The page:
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When Should I Start Claiming Social Security Benefits?

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Social Security retirement benefits may be reduced, increased or unaffected, depending upon your age when you start the benefits. You are entitled to your full retirement benefit (no increase or decrease) at Full Retirement Age (FRA), defined as follows:

 Birth Year  Full Retirement Age
 1943-1954  66
 1954-1959  66 plus two or more months in increasing increments
 1960 and later  67

Benefit Impact

  1. Reduced benefits. If you start benefits between age 62 and your Full Retirement Age, your benefit amount will be permanently reduced up to 30 percent.
  2. Full benefits. If you start benefits at your Full Retirement Age, there is no reduction or increase in your benefit amount.
  3. Increased benefits. If you start benefits between your Full Retirement Age and age 70, your benefit amount will be permanently increased by up to 32 percent. Click here for more information.

Making the decision of when to start Social Security benefits involves many variables, such as age, health, marital status, income level, tax bracket, financial need and others. In terms of general guidelines, there are a few situations when starting benefits early or later may make sense.

Reasons to Start Benefits Early

  • You may be in poor health and/or have a short life expectancy.
  • You may be out of work and need the income now to make ends meet.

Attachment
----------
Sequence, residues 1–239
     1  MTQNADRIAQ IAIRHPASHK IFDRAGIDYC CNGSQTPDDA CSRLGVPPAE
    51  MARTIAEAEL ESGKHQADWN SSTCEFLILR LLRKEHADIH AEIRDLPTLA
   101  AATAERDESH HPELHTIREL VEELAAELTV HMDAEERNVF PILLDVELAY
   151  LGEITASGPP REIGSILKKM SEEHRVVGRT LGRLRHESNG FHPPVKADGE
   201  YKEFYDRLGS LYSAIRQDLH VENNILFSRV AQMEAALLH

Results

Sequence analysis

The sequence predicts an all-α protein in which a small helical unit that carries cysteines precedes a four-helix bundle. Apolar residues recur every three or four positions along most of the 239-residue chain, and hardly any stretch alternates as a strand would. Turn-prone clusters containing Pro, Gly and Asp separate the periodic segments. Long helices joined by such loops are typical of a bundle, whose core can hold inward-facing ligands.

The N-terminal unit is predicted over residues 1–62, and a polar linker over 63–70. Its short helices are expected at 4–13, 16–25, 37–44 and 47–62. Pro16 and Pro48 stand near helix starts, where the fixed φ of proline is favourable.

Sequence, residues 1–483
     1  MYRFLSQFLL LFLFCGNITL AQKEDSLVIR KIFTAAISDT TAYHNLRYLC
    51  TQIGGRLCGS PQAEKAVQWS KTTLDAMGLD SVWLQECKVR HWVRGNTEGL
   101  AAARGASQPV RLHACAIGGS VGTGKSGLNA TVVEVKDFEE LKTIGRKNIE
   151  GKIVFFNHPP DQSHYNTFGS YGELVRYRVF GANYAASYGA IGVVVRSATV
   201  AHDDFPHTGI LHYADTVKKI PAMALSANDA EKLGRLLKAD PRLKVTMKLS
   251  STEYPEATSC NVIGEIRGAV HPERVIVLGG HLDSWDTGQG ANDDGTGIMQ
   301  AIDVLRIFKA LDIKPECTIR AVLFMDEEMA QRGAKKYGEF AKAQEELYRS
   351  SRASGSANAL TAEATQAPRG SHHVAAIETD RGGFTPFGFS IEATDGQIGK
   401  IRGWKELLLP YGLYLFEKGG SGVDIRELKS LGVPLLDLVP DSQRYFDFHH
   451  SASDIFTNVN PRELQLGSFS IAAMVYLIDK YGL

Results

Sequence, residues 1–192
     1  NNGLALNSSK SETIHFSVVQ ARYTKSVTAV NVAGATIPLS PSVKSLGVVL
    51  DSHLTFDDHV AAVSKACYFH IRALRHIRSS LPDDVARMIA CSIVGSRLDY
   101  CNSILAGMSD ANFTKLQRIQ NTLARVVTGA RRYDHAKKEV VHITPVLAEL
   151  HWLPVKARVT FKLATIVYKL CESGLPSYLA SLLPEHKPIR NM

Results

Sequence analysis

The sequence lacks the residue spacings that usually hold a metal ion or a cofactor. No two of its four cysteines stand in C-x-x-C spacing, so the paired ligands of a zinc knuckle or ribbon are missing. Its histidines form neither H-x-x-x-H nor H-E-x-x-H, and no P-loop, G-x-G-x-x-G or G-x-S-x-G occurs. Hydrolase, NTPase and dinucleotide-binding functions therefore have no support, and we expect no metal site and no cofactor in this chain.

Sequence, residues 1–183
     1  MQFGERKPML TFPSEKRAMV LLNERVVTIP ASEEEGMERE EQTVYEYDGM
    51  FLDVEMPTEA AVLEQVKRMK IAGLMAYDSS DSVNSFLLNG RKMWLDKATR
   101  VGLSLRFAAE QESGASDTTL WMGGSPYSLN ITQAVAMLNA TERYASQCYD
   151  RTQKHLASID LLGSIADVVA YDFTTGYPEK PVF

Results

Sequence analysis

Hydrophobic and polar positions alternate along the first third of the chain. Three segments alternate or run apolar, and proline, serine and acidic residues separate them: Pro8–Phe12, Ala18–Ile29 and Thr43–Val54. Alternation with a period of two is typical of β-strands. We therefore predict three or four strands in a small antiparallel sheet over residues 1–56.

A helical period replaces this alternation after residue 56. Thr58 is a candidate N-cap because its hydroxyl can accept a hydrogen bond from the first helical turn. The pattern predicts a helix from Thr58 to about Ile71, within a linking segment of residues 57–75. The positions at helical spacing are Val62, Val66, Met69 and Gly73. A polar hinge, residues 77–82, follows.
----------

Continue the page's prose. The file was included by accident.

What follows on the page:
Reasons to Delay Benefits

  • You are in good health and/or have a long life expectancy.
  • You currently are in a federal income tax bracket of (25 percent or more), because up to 85 percent of Social Security benefits may be taxable.
  • You want an increased permanent benefit amount.
  • You are younger than your full retirement age and plan to earn more than the annual earnings limit ($16,920 in 2017).

Considerations based on marital status.

  • Higher-earning spouses and unmarried individuals should consider claiming benefits no earlier than their Full Retirement Age, currently 66 to 67. This will enable them to earn the highest possible benefits based on additional years of earnings.
  • As a general rule, the lower-earning spouse should start benefits early. The Society of Actuaries suggests the strategy of a lower-earning spouse starting his or her benefits early (age 62 or when earned income would no longer reduce benefits) while the higher earner delays as long as possible. If both live to age 70, then the higher earner starts his or her benefit at a greatly increased amount. If the higher earner dies first (say five years later, at age 75), the surviving spouse can switch to his or her now much higher benefit. The couple has enjoyed the lower earner’s benefit for years (between age 62 and 70). And, if the lower earner has a higher likelihood of outliving his or her spouse, he or she has kind of an insurance policy — the deceased’s increased Social Security benefit.
  • Certain Social Security benefit claiming strategies that were used by couples to enhance survivor benefits were eliminated for many retirees by 2015 legislation. These include “file and suspend” and “restricted application.” For more information about these changes, see http://www.aaii.com/journal/article/the-changes-to-social-security-claiming-strategies.